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Old 02-23-2010, 08:42 AM   #1
BendtheBar
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Default Bompa on Strength Plateaus

Bompa on Strength Plateaus

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An athlete doesn't reach a plateau very quickly. It takes time - several years of training at a high level - before something like that can even be considered. In my career of many years I've rarely seen athletes reaching a plateau in strength training. This situation is mostly discussed in bodybuilding and at times in football. Nevertheless, let's try to discuss some possibilities for breaking through training plateaus. Here are five:

* Use a maximum strength phase to stimulate higher percentage of fast twitch muscles into action. In many sports, strength training is poorly designed - lifting weights for strength's sake. There's no plan, no periodization. Athletes and bodybuilders that use periodization very rarely reach a plateau, in my experience.
* Design a good periodization program with phases of maximum strength and phases of power training, where the objective is to increase the firing rate of fast-twitch muscles. In my strength training book, Periodization of Training for Sports, I discuss that in detail.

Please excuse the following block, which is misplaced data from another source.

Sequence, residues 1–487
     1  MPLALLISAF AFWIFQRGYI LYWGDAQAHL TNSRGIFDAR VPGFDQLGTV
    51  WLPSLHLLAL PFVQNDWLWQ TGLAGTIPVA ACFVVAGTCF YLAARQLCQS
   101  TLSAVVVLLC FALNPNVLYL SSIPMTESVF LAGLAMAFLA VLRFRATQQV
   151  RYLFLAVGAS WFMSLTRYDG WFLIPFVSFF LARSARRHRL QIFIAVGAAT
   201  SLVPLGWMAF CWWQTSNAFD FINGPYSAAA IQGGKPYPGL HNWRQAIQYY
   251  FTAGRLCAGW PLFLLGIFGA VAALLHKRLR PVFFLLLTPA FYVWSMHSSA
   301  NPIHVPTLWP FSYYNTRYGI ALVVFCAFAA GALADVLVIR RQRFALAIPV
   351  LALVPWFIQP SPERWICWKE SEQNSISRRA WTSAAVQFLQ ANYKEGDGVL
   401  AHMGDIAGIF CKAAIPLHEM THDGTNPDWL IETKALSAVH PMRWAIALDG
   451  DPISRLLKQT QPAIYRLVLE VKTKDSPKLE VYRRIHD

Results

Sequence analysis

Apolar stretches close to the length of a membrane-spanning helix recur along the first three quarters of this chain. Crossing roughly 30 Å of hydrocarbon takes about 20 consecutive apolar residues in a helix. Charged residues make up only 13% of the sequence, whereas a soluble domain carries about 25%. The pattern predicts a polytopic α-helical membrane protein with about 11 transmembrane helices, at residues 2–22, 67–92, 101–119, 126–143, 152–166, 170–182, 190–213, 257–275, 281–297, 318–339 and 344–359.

* If one has a longer preparatory (pre-season) phase, several phases of maximum strength and power could be alternated. This alternation of maximum strength with power would certainly have the probability of breaking the plateau.
* Under normal conditions I wouldn't suggest a maximum-strength phase for longer than six weeks. It's quite stressful to cope with. However, if an athlete has reached a plateau, I'd use a nine-week long maximum strength phase. Under these conditions, the muscles are stimulated at much higher levels than before.
* Use more eccentric (negative) contraction techniques. Eccentric contractions require a much higher tension in the fast twitch muscles. Eccentric training shouldn't be used before the athletes have a better background. Unfortunately, many coaches can hardly wait to use everything they know; in this way they themselves are contributing to reaching a plateau.
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